It takes time to get used to living your life in three hour stages. After my diagnosis of Parkinson’s, in 2017, I was initially given medication called Madopar; co-beneldopa. This provides levodopa and that enables my brain to produce dopamine. Parkinson’s gradually kills the part of the brain that produces dopamine and so this boost helps to restore the functions that otherwise increase our disability. It only works for as long as there are cells in the part of the brain, called the substantia-nigra, that are still alive to make use of it.
Initially, my doses were 1 x 25mg/100mg of co-beneldopa every five hours. Effectively, I took just three of these per day. Taking this medication was like receiving a miracle. So much of the function that had been lost to me, was returned. I felt alive again and I had a renewed vigour for life. I was able to do so many more things. My fatigue was reducing and my physical abilities were restoring. It was what is known in the Parkinson’s community as the beginning of the ‘honeymoon period’.
To anyone entering the honeymoon period, as I did back then, brace yourself. You are in for a wonderful experience in many ways but this is the time in which you will also have to experience people saying to you “You can’t have Parkinson’s, you don’t seem at all unwell.” or “Are you sure you have Parkinson’s? Maybe it’s just psychological, because you seem to be really healthy?” and so on. These people mean well, and it is important to remember that when you find yourself reacting with incredulity, hurt and even hostility. They will not know most of your battle to live as a person with Parkinson’s and they will simply be responding to what they see. This is where I would recommend that you are explicit in your communication with people in your life about the difficult days and educate them about your treatment programme, as you go forward, so that they understand the broader picture.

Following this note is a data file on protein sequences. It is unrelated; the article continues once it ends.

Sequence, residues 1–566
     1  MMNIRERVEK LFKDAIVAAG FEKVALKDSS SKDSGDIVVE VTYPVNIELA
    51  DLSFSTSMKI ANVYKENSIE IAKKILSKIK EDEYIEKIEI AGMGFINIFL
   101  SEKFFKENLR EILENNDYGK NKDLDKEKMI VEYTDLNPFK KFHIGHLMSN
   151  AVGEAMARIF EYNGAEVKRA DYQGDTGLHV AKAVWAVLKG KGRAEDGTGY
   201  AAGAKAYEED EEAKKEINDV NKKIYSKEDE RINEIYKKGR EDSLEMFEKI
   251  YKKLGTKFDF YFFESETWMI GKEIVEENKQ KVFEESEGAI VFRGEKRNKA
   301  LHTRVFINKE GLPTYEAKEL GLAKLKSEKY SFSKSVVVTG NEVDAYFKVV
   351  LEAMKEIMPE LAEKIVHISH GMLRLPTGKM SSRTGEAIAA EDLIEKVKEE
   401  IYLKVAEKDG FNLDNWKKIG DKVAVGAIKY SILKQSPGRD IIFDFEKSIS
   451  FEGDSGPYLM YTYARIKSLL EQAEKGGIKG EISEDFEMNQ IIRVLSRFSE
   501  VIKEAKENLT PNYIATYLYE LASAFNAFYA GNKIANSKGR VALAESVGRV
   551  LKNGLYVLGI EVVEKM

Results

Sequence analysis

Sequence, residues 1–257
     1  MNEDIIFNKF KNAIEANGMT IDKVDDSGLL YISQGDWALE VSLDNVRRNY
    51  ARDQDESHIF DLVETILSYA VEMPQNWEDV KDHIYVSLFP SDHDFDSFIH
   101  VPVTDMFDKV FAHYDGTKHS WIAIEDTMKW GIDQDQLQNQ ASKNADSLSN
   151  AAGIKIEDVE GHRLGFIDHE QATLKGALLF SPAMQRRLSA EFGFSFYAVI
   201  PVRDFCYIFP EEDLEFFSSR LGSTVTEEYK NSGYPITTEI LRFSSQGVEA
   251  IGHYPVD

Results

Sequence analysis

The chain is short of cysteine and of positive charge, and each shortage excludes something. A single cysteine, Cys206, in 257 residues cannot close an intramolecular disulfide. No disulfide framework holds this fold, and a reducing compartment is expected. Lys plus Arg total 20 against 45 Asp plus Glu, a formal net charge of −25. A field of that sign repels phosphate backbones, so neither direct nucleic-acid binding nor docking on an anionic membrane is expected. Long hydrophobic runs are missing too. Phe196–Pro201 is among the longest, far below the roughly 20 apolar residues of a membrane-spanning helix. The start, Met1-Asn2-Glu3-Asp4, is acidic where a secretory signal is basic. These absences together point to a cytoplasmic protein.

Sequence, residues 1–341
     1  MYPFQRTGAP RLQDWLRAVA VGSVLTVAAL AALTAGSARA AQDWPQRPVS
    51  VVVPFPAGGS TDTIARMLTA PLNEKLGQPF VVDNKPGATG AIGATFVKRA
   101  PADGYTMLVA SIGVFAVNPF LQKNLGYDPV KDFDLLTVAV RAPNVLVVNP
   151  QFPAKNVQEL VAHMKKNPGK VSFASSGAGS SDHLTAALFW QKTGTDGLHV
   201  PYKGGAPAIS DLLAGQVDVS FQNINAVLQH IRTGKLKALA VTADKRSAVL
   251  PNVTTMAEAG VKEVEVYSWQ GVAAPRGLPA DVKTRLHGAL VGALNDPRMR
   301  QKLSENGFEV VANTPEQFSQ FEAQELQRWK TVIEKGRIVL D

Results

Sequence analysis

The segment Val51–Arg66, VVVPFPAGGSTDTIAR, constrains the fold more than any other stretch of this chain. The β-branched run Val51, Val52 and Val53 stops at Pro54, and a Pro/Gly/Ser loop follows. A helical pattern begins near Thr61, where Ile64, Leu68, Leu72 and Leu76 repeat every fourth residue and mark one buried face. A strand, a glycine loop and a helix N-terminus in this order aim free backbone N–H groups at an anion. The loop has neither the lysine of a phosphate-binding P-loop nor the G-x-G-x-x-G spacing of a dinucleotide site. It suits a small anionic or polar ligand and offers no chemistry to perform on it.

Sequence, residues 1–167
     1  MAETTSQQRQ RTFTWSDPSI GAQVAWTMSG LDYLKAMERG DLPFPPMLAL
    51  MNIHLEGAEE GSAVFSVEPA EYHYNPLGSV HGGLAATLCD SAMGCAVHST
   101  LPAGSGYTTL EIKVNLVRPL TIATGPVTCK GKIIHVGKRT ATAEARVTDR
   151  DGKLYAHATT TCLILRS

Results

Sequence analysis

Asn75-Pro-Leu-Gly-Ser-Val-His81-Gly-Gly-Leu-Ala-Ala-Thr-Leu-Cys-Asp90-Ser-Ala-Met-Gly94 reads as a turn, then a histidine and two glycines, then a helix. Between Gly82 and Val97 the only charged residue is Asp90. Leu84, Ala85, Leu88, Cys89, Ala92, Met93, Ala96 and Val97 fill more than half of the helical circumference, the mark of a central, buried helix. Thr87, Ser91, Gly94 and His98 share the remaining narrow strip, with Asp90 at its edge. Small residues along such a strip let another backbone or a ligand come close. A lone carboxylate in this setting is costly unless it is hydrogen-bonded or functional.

Unfortunately, every half year I would attend my neurology review, with my neurologist, and we would learn of my further decline as Parkinson’s progressed. I would come away with a new strategy for coping and my medications regimen would be changed. So, I soon went to a dose of my medication every four hours and then, as it is today, every three hours with an additional slow-release version to get me through the night without cramping, restless legs or a variety of other symptoms.
Today, I am at almost two and a half years since diagnosis. My daily medication has increased in dosage and in variety. I now take my co-beneldopa every three hours from 7am – 10pm plus the overnight, slow release version after that. Additionally, I take Rasagiline, Roprinirol and Clonazepam; as a sleep aid. I also take Tramadol for an extra boost of pain relief on an ad-hoc basis; which is minimal and not daily.
From the outset, you learn about ‘wearing off’ times, where levodopa is concerned. As you get closer to the next dose of medication you are due, the prior dose begins to wear off. Initially, wearing off happens very close to the time of your next dose but, sadly, over time wearing off starts to happen far earlier. This is why the frequency of doses, for me, was increased from the original five hourly doses down to now the three hourly.
In reality, my medication now starts to wear off after around an hour and a half. My neurologist has confirmed that this represents that the disease is now fast progressing. This is why, as time has moved on, the additional medications have been provided. They work to resolve certain symptoms of Parkinson’s, which helps make up for what the co-beneldopa stops doing as wearing off commences. They also play a role in helping to improve or extend the efficacy of the co-beneldopa, thus minimising the wearing off.
For me, given the rate of increase in the progression of my Parkinson’s, my neurologist has now increased my neurology reviews from every five-six months to every two months. He stated that he was reluctant to suggest that the co-beneldopa is increased, for this can have considerable side-effects. For now, the doses of Roprinirol have been increased and can still be increased a little further before the next options are considered.